The month on month decline in the leading economic indictor means the economy will be hard-pressed for the first half of 2014.
Economist Kevin Lings said the “disappointing decline of 0.2% month on month” in the leading economic indicator (LEI) for November last year by the Reserve Bank, shows that the South African economy will remain under pressure for the first half of the year.
The decline followed a modest increase of 0.2% month on month in October and a decline of 0.1% month on month in September.
The leading indicator, which includes a number of sub-indicators ranging from manufacturing orders and passenger vehicles sold, has now declined in six of the last nine months.
“On an annual basis, the leading indicator fell by 0.1% year on year in November 2013, down from a growth of 0.6% year on year in October 2013,” said Lings.
“The current trend in the leading indicator suggests that the South African economy will remain under pressure during the first half of 2014.
“This is largely due to domestic circumstances. In contrast, the global economic environment continues to improve, which will hopefully provide some positive offset for the South African economy as the year unfolds.”
Lings said the weakness in November 2013 was fairly narrow with only four of the 11 components of the time series declining.
Residential building plans decline
The major negative contributions in November came from a decline in the number of residential building plans passed, as well as a deceleration in the six-month smoothed growth rate.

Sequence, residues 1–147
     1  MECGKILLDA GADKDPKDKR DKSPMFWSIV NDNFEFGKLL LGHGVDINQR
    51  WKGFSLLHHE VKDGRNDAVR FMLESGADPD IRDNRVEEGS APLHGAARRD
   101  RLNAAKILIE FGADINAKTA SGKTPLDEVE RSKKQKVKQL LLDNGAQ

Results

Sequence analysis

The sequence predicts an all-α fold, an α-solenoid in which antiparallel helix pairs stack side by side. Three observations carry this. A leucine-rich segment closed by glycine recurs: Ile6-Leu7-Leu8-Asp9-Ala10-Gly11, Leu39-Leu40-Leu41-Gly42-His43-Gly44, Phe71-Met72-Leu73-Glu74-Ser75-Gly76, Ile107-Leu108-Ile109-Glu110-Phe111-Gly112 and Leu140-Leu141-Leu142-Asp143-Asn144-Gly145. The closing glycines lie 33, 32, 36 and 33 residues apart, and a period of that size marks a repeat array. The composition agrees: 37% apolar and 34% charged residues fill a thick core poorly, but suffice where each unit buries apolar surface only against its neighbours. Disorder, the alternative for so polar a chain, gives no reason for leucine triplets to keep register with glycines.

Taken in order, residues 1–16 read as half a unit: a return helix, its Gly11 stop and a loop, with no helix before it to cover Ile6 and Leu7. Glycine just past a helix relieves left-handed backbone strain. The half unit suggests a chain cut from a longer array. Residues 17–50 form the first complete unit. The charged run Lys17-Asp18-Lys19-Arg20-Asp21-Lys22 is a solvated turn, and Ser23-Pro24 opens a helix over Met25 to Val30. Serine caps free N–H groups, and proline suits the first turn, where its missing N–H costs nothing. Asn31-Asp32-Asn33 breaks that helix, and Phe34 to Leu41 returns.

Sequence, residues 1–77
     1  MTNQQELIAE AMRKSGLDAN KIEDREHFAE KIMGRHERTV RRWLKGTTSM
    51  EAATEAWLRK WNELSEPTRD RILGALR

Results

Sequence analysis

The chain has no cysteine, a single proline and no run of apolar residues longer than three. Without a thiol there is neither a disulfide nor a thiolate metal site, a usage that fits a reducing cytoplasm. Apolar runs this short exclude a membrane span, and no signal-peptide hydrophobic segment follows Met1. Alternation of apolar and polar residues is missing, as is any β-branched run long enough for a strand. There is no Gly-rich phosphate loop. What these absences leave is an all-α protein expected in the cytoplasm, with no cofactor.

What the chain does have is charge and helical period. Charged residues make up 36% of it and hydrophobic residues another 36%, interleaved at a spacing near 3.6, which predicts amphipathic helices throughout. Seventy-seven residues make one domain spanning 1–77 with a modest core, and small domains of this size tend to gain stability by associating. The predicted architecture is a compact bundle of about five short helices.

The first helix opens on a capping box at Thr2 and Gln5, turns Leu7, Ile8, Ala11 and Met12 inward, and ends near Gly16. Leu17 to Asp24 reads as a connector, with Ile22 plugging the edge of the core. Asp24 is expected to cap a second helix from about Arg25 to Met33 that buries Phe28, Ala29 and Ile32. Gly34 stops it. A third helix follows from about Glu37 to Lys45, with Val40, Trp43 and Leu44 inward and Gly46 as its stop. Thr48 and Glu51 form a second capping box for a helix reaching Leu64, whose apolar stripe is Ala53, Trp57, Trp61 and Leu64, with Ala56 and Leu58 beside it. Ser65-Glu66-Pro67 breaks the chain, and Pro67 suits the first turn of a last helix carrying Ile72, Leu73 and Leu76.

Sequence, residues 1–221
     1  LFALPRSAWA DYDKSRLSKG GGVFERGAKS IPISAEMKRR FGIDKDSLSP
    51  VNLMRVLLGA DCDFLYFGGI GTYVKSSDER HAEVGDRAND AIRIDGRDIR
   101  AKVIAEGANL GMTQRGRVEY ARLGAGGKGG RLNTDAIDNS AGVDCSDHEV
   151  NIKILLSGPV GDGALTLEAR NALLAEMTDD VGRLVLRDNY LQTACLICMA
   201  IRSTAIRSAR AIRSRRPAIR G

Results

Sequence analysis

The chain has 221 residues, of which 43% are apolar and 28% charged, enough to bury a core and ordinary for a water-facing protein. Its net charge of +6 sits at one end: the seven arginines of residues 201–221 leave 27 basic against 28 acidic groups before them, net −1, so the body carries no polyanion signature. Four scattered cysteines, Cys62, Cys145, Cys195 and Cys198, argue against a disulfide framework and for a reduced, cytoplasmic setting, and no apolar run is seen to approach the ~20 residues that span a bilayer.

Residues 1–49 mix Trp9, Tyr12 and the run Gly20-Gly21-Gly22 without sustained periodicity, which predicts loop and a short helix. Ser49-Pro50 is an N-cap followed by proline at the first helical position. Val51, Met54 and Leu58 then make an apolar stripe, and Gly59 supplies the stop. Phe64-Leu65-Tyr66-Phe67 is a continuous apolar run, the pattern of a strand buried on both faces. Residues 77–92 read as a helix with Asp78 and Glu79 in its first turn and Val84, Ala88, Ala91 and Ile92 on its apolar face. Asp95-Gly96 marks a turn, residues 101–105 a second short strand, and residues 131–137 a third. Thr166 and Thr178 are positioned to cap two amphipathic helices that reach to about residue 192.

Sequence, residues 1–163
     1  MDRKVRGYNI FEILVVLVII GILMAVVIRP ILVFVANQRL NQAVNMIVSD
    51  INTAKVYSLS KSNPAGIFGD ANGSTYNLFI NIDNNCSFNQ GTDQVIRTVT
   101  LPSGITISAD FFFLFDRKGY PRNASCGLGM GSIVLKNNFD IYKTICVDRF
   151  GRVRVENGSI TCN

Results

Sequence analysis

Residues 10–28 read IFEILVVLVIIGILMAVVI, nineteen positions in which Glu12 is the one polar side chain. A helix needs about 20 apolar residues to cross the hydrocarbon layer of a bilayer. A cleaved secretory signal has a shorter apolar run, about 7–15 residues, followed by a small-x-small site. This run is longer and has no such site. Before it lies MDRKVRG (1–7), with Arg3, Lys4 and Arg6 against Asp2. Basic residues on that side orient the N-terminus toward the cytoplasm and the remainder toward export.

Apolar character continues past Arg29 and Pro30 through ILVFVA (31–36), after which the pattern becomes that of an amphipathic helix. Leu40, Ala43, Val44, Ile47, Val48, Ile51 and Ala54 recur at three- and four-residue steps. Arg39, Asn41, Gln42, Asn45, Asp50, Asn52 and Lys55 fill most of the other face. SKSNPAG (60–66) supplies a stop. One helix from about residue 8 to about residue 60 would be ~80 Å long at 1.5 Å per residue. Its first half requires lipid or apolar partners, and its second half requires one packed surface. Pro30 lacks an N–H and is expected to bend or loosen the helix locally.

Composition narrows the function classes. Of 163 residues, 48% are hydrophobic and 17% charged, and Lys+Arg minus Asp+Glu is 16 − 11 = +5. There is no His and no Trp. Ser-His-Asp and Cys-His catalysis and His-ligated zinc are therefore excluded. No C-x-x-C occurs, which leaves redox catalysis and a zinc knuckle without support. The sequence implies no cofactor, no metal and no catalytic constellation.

He said the South African leading indicator has a good correlation with the Organisation for Economic Co-operation and Development (OECD) leading indicator, with a short lag.
“Importantly, this relationship appears to have gotten stronger over the years [mainly due to the increased globalisation of South Africa]and the lag has tended to shorten,” said Lings.
“The OECD leading indicator has clearly turned positive during the past few months, which is a very encouraging signal for the South African economy going into 2015.”
Lings said this was significant because a steady improvement in the global economy should lift South African exports, especially given the weaker rand, and this combined with an improvement in infrastructural development, lift South Africa’s growth prospects.
“It is important that South Africa moves past the labour market disruptions and policy uncertainty that are currently afflicting a number of key economic sectors, and finds a way to lift business and consumer confidence generally,” he said.